Talk with others about the cottage food industry in Florida
This topic contains 37 replies, has 2 voices, and was last updated by Rachel parada 3 months, 2 weeks ago.
- June 19, 2013 at 11:37 am #1315
I bake and sell custom decorated cookies from my home in FL. I have been advised by my CPA, and several other lay-persons, that the state considers those functioning under the cottage food law akin to a grocery store where sales tax is concerned, and therefor I don’t need to charge sales tax for my goods. However, I don’t usually pre-bake cookies and then put them out for sale; I mainly make them when someone places a specific order for a custom product. I’m pretty sure my local Publix store doesn’t charge sales tax on a pre-made box of cookies, but they do charge tax if I custom order a cake from the bakery. Shouldn’t I do the same?June 20, 2013 at 4:04 am #1316
April, I’m not the ultimate guru on this but I did a little research for Florida (I’m more familiar with California’s tax laws, but Florida’s look similar). The bottom line is that it doesn’t look like you need to charge sales tax.
One important factor for charging sales tax is whether the product is intended to be consumed on the seller’s premises. As a cottage food operation, since you’re giving your cookies to customers for them to consume off of your premises (your home), you don’t have to charge sales tax. You’re also supposed to be packaging your cookies in a way that shows the customer that you intend for them to take them to go (e.g. placing them in a box). If you were selling at a farmers market and warming your cookies there and had a table and chairs next to your stand for your customers to eat at, then there might be a case for charging sales tax, but only if all of those apply, and even then it would be a gray area.
Also, if you’re selling at an event that charges admission, like a fair, then you probably have to charge sales tax, but in that case the event organizer should know.
I didn’t see anything about there being a difference with custom made goods. I think it has to do more with where and when the product is heated. There are a lot of rules about this… if you want to read more, here’s the document I looked at. Please let me know if you learn any more about it.June 20, 2013 at 4:48 am #1319
Thanks so much! That was just the information I was looking for, and the reassurance I needed.December 31, 2013 at 1:03 am #3317
April, I just want to further clarify my response. I still think that you are exempt from all taxes, but since I wrote this answer, I have learned that in some states, only state taxes are exempt, and local (city and/or county) taxes still apply to cottage food sales. To be sure for your region, you should contact your County Tax Collector or Business Tax Office.March 27, 2014 at 8:57 am #4950
Hola, igual que muchos otros me he decidido a empezar un pequeño negocio, he leido muchos tips en este foro, y les doy las gracias, empezare a hecer mis tortas y cupcakes, envasar individualmente y etiquetar, ire a los mercados verdes a ofrecer mi producto y aplicar para colocarme en ellos a vender, por todo lo que he leido aqui hasta este punto no hay inconveniente ?? verdad??March 27, 2014 at 8:58 am #4951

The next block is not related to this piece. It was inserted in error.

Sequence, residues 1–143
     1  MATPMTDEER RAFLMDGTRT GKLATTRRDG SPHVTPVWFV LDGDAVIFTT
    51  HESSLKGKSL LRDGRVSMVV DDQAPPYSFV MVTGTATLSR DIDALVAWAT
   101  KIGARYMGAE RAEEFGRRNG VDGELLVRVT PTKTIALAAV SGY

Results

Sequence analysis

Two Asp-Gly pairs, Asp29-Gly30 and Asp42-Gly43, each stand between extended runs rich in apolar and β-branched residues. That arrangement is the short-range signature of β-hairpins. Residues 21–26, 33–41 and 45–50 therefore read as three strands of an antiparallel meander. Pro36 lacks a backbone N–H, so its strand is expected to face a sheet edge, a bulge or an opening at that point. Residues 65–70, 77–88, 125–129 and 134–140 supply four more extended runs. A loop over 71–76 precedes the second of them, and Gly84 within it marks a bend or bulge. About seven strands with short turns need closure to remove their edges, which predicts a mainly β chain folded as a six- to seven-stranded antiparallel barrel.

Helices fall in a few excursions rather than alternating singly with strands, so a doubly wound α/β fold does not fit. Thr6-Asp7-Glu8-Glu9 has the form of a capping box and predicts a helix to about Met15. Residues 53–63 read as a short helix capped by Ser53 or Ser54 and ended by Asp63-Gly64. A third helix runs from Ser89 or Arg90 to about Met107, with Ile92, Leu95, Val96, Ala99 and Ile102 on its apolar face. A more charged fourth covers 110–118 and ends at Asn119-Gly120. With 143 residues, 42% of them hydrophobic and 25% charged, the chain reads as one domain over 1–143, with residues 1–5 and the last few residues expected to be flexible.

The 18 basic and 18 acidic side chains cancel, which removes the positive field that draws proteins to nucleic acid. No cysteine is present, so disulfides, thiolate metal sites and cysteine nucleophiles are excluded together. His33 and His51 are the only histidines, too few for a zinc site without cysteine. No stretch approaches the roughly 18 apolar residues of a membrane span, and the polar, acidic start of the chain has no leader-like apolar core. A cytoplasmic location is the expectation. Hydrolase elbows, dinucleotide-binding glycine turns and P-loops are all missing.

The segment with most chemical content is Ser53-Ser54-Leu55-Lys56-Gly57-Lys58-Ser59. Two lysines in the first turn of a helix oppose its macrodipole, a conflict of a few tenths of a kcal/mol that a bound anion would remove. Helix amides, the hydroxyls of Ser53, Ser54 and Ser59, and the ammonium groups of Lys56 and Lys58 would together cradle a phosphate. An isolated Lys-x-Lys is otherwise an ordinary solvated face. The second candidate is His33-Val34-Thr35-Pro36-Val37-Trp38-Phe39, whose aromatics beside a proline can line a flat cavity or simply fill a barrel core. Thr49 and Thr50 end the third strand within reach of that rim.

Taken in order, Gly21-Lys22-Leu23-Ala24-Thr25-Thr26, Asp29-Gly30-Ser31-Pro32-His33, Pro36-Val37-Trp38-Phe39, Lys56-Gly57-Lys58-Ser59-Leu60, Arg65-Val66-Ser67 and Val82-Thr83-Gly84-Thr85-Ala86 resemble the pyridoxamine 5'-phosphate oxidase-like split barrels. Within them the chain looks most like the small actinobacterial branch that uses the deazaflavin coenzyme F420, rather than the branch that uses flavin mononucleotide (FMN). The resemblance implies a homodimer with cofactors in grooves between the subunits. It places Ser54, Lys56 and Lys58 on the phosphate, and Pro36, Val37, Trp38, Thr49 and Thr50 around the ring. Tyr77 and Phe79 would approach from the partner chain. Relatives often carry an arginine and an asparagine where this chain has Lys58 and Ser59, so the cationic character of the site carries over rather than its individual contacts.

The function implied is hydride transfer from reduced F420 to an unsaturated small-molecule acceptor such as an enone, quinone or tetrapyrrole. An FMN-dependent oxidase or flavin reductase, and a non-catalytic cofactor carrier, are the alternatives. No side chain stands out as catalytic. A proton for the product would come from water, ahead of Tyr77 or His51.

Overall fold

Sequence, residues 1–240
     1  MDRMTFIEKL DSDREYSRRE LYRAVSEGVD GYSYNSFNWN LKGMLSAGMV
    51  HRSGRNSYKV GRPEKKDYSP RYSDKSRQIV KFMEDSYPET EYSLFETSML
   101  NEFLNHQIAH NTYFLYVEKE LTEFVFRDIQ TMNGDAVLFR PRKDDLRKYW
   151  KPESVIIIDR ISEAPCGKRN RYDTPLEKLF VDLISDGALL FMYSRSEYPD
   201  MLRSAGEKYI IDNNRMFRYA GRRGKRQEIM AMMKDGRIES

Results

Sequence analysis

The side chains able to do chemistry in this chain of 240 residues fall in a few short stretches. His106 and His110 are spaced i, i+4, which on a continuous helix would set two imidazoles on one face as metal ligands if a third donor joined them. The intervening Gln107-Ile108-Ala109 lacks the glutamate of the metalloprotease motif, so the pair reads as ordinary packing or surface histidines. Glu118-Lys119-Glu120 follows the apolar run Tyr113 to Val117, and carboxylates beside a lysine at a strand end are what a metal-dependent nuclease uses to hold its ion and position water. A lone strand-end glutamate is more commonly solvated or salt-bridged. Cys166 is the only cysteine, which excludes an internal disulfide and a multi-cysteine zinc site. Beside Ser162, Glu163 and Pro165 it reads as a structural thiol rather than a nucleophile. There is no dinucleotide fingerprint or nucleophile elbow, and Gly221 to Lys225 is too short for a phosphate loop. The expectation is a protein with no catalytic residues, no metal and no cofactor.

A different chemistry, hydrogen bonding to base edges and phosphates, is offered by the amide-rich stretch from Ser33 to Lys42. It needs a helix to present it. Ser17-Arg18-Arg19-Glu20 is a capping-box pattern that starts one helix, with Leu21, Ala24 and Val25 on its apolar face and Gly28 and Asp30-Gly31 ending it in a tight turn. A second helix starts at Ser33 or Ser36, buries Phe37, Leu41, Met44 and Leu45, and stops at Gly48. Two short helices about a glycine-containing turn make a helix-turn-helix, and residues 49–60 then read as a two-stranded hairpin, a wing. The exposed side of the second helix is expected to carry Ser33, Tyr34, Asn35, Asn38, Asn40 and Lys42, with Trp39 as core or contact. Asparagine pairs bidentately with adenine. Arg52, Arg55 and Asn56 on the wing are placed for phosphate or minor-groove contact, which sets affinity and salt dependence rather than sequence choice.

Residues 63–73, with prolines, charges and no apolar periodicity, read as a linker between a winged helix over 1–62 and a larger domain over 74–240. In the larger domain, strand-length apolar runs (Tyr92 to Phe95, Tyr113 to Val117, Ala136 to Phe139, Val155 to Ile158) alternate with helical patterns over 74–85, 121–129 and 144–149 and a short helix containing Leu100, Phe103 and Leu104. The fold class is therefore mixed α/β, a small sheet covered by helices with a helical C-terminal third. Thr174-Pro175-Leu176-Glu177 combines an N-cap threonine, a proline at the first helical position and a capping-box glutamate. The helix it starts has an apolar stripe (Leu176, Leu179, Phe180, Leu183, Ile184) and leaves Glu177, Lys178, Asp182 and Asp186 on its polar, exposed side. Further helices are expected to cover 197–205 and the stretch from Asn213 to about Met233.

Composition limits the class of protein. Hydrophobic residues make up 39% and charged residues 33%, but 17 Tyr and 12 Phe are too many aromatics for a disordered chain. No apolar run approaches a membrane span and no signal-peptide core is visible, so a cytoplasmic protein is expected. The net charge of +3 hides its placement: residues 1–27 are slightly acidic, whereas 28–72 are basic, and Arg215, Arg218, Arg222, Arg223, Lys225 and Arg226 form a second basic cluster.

la unica duda que surge en mi, es si debo entregar una factura a cada cliente por su compra?? usar contabilidad, estoy en broward, debo cobrar impuesto? de cuanto seria?, es la unica duda que me queda, saludos!!March 31, 2014 at 4:22 am #5006
Hola Haimara, asumiendo que tu torta no requiere refrigeración, toda información respecto a tu negocio suena bien y sin ningún inconveniente. Siempre y cuando tu producto esté apropiadamente etiquetado, no tienes que dar factura por cada venta. Por igual, no necesitas cobrar impuestos.April 28, 2014 at 4:00 am #5417
I bake cupcakes at my home and sell them at the farmers market. I have my food safety certificate do i need a agragricultural license I live in the state of FloridaApril 29, 2014 at 1:19 am #5437
You don’t need a license from the ag dept. You may need a business license, depending on where you live.June 11, 2014 at 5:52 pm #6964
Is there a way to get snap for the products im selling?June 12, 2014 at 2:03 am #7014
You mean food stamps? I really don’t know.June 17, 2014 at 6:31 pm #7558
Still confused about income tax. How do you calculate if you just take cash or check only ?June 18, 2014 at 1:35 am #7608
End-of-year income tax is going to be based on gross sales, and probably as a self-employment tax. You just add up the total sales, remove your deductions, and your tax program should tell you what you owe. If you make enough money, you may have to submit estimated taxes quarterly.August 9, 2014 at 10:15 am #10162
I know there are a limit on gross sales ($15,000) but how are those regulated?? Also, can some states change the regulations on gross sales?
I’m doing a research project on the Cottage Food Law so i’m trying to piece together all the information. Do you know where I can find a list of all the states that have adopted the law?
Thank you so much!August 10, 2014 at 3:03 am #10195
The limit isn’t actively regulated, but a health or ag dept could shut down an operation if it was clear that they were making too much. I’d say it’s more self-regulated, in that people know if they make more than $15K then they’re doing something illegal. That limitation is baked right into Florida’s law, so an amendment to the law would need to be passed for it to change.
Each state with a law has their own version, and many states don’t call it a cottage food law. This site is going to be your best bet if you want an updated list of the states that allow some form of homemade food sales. I don’t know of any other updated list that exists. Please know that the map doesn’t necessarily show states that have laws; it shows states that allow people to sell homemade food in some form, and that form is usually defined by a law. http://forrager.com/laws/